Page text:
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College of Food, Agricultural, and Environmental Sciences


Chow Line: Use marinades for flavor, tenderizing (for 7/20/08)

July 11, 2008

How long should beef and poultry be marinated?

That's a question that has no firm answer. For one thing, marinades are used both for flavor and for tenderizing, so it depends on what your goal is. For another, different experts will give you different guidance (just do a web search and you'll know what I'm talking about) and there's no clear answer to who's right.

The basic idea behind using marinades to tenderizing meat is this: The marinade contains some sort of acid -- vinegar, wine, tomato products, fruit juice, or even buttermilk or yogurt. The acid will eat away at the muscle tissue, tenderizing tough meats. The theory is that the longer you let the marinade work, the more tender the meat will be. Marinades also include herbs or spices for flavor, and oil to help the meat absorb the flavors.

However, food scientists who have examined the issue, including authors Harold McGee and Herve This, say that no matter how long you marinate meat, the marinade just doesn't soak in very far. Cutting very tough cuts of meat into thin slices would help because that exposes more surface area to the marinade.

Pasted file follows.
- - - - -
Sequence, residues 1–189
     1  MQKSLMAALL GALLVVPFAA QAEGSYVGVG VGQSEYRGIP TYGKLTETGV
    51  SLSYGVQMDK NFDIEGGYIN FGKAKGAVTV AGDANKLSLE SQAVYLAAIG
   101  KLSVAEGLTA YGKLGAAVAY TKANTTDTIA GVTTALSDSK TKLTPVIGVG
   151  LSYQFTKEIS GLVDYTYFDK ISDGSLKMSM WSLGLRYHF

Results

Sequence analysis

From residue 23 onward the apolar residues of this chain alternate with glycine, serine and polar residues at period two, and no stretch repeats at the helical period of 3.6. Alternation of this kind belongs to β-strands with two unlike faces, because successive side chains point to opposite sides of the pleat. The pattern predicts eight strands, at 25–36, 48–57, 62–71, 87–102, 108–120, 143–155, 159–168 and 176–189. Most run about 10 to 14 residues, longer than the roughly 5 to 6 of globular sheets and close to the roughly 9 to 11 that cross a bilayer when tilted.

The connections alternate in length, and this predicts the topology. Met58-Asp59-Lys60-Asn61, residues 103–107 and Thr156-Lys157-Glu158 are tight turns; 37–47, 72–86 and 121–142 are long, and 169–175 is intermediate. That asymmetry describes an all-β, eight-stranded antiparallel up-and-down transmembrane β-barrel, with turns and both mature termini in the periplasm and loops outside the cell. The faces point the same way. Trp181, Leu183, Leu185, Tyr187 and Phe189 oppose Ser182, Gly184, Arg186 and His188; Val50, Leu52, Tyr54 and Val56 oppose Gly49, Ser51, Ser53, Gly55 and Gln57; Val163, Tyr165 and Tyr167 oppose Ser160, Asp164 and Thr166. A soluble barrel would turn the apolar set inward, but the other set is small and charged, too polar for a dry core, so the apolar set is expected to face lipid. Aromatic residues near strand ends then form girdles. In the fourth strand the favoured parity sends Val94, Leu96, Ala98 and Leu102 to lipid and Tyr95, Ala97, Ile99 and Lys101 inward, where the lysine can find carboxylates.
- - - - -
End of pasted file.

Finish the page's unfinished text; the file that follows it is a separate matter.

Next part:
A basic stew is a good example of what marinade can do. Stew beef tends to be lean. Because it doesn't have much fat, it can be tough to eat. But when it's cooked for a long time in a liquid with wine, tomatoes or other acidic sauce, the fibers in the meat separate, making it more tender. Interestingly, cooling the dish allows the meat to soak up even more moisture -- as well as the flavors in the herbs and spices in the marinade -- which is one reason why people often say that stews taste better the next day.

Some marinades call for the juice or puree of fresh pineapple, kiwi or other fruits to tenderize meat. They work, but they don't use acid like in a traditional marinade. They use enzymes that digest protein in the meat: actinidin in kiwi, bromelain from pineapple, or papain from papaya (which is often used in powdered meat tenderizers). Keep in mind, though, that high heat, even for a brief period, inactivates the enzymes.

The U.S. Department of Agriculture says that chicken can be marinated up to two days and beef for up to five days -- always in the refrigerator, not at room temperature. But marinating meats for much shorter periods often produces great results. This is just something you have to experiment with.

One more note: Even very briefly basting meat with marinades before cooking it under high heat, such as on the grill or under the broiler, is a healthful thing to do. Cooking meat at high temperatures tends to produce carcinogenic compounds called heterocyclic amines, but a coating of marinade appears to reduce the risk substantially.

Chow Line is a service of Ohio State University Extension and the Ohio Agricultural Research and Development Center. Send questions to Chow Line, c/o Martha Filipic, 2021 Coffey Road, Columbus, OH, 43210-1044, or

Editor: This column was reviewed by Lydia Medeiros, nutrition specialist with Ohio State University Extension and the Ohio Agricultural Research and Development Center; and professor of human nutrition in the College of Education and Human Ecology.


Martha Filipic
Lydia Medeiros